Music - Page 9 - Recent Questions, Troubleshooting & Support


Make sure there is not a switch that makes it output to external speakers.

Roland Music | Answered on Nov 06, 2017


Well, I would say it isn't dropping the level of "the whole pa", it is just dropping the level of the input you have plugged the fx into. Check the settings on your fx unit, there are usually input, output and mix controls that are independant of "the pa" and affect the amplitude of the signal going into your mixer from the fx unit.

Peavey Music | Answered on Nov 06, 2017


Fender Passports are notorious for being badly built with poor reliabilty. Trade it in for a fiver and buy something of better quality.

Music | Answered on Nov 06, 2017


Specify the full fuse ratings please. Internal fuses come in all shapes and sizes.

Behringer Music | Answered on Nov 06, 2017


Read the manuals for both the mixer and the active speakers. If you do not have the manuals, download them from the manufacturers websites. If you don't know hw to use equipment, don't buy it.

Behringer Music | Answered on Nov 06, 2017


Hi, the power light should not "blink" at any point. It should always be either on or off when either powered on or off. Sounds as though the internal toroidal transformer has gone faulty (common issue) and requires replacemnet by a professional.

Behringer Music | Answered on Nov 06, 2017


G1X circuit diagram is the same as the G1. They differ only on the pedal circuits.
circuit-diagram-zoom-g1x-shyexoo0xcste5eq310zs3ot-4-0.jpgcircuit-diagram-zoom-g1x-shyexoo0xcste5eq310zs3ot-4-1.jpg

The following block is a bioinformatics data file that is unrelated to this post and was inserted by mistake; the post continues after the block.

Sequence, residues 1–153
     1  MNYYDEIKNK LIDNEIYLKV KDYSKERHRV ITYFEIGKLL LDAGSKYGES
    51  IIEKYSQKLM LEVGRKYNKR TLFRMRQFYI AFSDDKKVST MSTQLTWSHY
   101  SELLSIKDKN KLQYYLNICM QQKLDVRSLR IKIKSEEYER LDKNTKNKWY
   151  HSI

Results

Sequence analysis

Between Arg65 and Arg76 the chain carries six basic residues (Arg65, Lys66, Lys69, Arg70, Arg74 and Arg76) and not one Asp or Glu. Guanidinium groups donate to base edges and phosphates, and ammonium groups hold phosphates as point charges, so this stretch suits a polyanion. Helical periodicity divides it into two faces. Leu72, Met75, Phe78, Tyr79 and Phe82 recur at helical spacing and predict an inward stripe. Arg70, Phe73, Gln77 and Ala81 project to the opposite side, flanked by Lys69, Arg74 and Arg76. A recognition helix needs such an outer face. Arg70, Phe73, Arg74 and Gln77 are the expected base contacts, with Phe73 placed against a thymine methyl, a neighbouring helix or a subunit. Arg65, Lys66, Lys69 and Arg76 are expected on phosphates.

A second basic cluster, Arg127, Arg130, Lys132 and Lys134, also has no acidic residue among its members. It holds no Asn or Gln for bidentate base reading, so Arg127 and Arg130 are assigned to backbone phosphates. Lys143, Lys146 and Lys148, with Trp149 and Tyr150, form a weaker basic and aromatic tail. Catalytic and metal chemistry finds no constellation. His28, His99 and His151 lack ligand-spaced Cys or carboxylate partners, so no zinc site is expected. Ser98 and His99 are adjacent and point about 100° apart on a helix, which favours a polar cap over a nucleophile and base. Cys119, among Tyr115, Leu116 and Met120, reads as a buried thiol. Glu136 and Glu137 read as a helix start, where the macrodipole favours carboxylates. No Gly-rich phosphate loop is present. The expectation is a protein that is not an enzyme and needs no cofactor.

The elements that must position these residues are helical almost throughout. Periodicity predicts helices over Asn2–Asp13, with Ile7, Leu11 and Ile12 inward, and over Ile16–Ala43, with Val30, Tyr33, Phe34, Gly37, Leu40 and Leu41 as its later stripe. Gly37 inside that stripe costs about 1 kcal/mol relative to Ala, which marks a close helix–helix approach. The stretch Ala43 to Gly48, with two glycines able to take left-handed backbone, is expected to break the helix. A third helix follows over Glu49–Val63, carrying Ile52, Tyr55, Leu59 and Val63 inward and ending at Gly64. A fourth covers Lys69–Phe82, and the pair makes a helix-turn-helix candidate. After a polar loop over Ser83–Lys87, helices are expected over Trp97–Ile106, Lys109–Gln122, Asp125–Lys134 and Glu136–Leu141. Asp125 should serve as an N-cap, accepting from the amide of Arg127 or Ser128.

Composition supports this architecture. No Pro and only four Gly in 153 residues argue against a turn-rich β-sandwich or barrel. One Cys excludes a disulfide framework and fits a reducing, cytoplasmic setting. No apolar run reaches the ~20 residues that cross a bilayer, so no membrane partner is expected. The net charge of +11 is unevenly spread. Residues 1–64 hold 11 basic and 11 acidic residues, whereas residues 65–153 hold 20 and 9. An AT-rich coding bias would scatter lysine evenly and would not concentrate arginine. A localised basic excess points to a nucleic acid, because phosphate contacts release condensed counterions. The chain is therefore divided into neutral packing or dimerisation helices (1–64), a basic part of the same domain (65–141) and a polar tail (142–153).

Give your email,and I'll send the circuit diagram.

Zoom G1x Guitar... | Answered on Nov 06, 2017


to find that you need a maker. It should be on a label somewhere. or engraved.

Then you can Google

make banjo serial numbers

Check out the link and also see the images tab

long neck banjo makers Google Search

Music | Answered on Nov 06, 2017


You can put just about any instrument through any amp. The difference in sound will be whether or not that amp was designed for the particular frequencies of that instrument. Also whether or not the speakers you are using are designed for those frequencies. When playing bass you need speakers designed to carry low frequencies (40 - 400 hz); mid-ranges and tweeters don't cut it. Set your instrument volume on the guitar at 70 - 90 % to get the most signal from the instrument. Set output volume on the amp at 50 - 70 %, then adjust gain on the amp to get required sound level. You're not likely to blow the amp, but you could blow the speakers if the amp delivers more power than the speakers can handle. With a micro amp check the output rating. It's possible you may not have enough power to get the sound you want and as you turn up the gain the sound will distort.

Music | Answered on Nov 04, 2017


how to hook up roland dm 20 to...computer.

Music | Answered on Nov 04, 2017


try by notifying a music shop or a piano tuner / repair shop in your area

The Music | Answered on Nov 04, 2017

Not finding what you are looking for?
Music Logo

22,154 questions posted

Ask a Question

Usually answered in minutes!

Top Music Experts

Michial Gueffroy

Level 3 Expert

1138 Answers

Vito Vacirca Jr.

Level 2 Expert

140 Answers

kakima

Level 3 Expert

102366 Answers

Are you a Music Expert? Answer questions, earn points and help others

Answer questions

Manuals & User Guides

Loading...